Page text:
If the foreign judgment is not recognized in the Philippines,
the Filipino spouse will be discriminatedthe foreign
spouse can remarry while the Filipino spouse cannot
remarry.
Under the second paragraph of Article 26 of the Family
Code, Philippine courts are empowered to correct a
situation where the Filipino spouse is still tied to the
marriage while the foreign spouse is free to marry.
Moreover, notwithstanding Article 26 of the Family Code,
Philippine courts already have jurisdiction to extend the
effect of a foreign judgment in the Philippines to the extent
that the foreign judgment does not contravene domestic
public policy. A critical difference between the case of a
foreign divorce decree and a foreign judgment nullifying a
bigamous marriage is that bigamy, as a ground for the
nullity of marriage, is fully consistent with Philippine
public policy as expressed in Article 35(4) of the Family
Code and Article 349 of the Revised Penal Code. The
Filipino spouse has the option to undergo full trial by filing
a petition for declaration of nullity of marriage under A.M.
No. 02-11-10-SC, but this is not the only remedy available
to him or her. Philippine courts have jurisdiction to
recognize a foreign judgment nullifying a bigamous
marriage, without prejudice to a criminal prosecution for
bigamy.
In the recognition of foreign judgments, Philippine courts
are incompetent to substitute their judgment on how a case
was decided under foreign law. They cannot decide on the
"family rights and duties, or on the status, condition and
legal capacity" of the foreign citizen who is a party to the
foreign judgment. Thus, Philippine courts are limited to the
question of whether to extend the effect of a foreign
judgment in the Philippines. In a foreign judgment relating
to the status of a marriage involving a citizen of a foreign
country, Philippine courts only decide whether to extend its
effect to the Filipino party, under the rule of lex nationalii
expressed in Article 15 of the Civil Code.
For this purpose, Philippine courts will only determine (1)
whether the foreign judgment is inconsistent with an
overriding public policy in the Philippines; and (2) whether
any alleging party is able to prove an extrinsic ground to
repel the foreign judgment, i.e. want of jurisdiction, want of
notice to the party, collusion, fraud, or clear mistake of law
or fact. If there is neither inconsistency with public policy
nor adequate proof to repel the judgment, Philippine courts
should, by default, recognize the foreign judgment as part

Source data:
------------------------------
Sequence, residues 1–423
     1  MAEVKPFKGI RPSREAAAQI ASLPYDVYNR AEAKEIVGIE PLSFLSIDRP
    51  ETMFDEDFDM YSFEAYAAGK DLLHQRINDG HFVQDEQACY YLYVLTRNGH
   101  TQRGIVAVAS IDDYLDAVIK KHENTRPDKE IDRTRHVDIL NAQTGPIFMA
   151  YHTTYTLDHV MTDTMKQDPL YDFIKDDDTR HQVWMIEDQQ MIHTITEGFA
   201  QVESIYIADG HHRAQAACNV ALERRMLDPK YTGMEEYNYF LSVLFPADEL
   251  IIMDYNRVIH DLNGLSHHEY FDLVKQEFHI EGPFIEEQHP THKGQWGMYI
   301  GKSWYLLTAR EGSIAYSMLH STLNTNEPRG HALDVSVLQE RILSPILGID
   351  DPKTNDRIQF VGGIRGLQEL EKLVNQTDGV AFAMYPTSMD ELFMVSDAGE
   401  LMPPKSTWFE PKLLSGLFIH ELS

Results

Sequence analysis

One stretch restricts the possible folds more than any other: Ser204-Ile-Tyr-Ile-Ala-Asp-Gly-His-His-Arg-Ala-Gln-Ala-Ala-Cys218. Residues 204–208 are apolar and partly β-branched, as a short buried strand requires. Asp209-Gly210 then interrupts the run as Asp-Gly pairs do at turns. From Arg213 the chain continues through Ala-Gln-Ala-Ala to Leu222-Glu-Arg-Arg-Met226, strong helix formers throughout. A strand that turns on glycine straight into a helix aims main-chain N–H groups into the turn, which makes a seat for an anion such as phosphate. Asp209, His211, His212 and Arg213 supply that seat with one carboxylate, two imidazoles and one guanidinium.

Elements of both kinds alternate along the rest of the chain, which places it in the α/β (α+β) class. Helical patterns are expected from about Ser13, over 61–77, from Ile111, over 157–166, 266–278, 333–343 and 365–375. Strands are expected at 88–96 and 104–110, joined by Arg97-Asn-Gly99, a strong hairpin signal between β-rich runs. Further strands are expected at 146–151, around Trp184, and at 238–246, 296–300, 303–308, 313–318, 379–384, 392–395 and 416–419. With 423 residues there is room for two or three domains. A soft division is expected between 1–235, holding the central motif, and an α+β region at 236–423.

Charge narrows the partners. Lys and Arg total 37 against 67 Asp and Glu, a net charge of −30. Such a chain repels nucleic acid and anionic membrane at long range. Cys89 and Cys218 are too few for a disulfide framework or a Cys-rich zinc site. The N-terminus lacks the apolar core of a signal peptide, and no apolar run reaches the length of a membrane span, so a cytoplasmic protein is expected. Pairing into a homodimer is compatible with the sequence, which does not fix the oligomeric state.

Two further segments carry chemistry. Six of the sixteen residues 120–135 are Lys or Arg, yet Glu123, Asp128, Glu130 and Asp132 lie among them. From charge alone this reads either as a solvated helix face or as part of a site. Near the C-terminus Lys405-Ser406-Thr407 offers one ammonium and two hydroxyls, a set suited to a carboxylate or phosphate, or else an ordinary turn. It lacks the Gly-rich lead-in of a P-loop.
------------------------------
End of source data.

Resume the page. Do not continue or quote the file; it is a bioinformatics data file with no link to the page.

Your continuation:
of the comity of nations. Section 48(b), Rule 39 of the
Rules of Court states that the foreign judgment is already
"presumptive evidence of a right between the parties."
Upon recognition of the foreign judgment, this right
becomes conclusive and the judgment serves as the basis
for the correction or cancellation of entry in the civil
registry. The recognition of the foreign judgment nullifying
a bigamous marriage is a subsequent event that establishes
a new status, right and fact
92
that needs to be reflected in
the civil registry. Otherwise, there will be an inconsistency
between the recognition of the effectivity of the foreign
judgment and the public records in the Philippines.1wphi1
However, the recognition of a foreign judgment nullifying
a bigamous marriage is without prejudice to prosecution for
bigamy under Article 349 of the Revised Penal Code.
93
The
recognition of a foreign judgment nullifying a bigamous
marriage is not a ground for extinction of criminal liability
under Articles 89 and 94 of the Revised Penal Code.
Moreover, under Article 91 of the Revised Penal Code,
"[t]he term of prescription [of the crime of bigamy] shall
not run when the offender is absent from the Philippine
archipelago."
Since A.M. No. 02-11-10-SC is inapplicable, the Court no
longer sees the need to address the questions on venue and
the contents and form of the petition under Sections 4 and
5, respectively, of A.M. No. 02-11-10-SC.
WHEREFORE, we GRANT the petition. The Order dated
31 January 2011 and the Resolution dated 2 March 2011 of
the Regional Trial Court, Branch 107, Quezon City, in
Civil Case No. Q-11-68582 are REVERSED and SET
ASIDE. The Regional Trial Court is ORDERED to
REINSTATE the petition for further proceedings in
accordance with this Decision.
SO ORDERED.
Brion, Del Castillo, Perez, and Perlas-Bernabe, JJ.,
concur.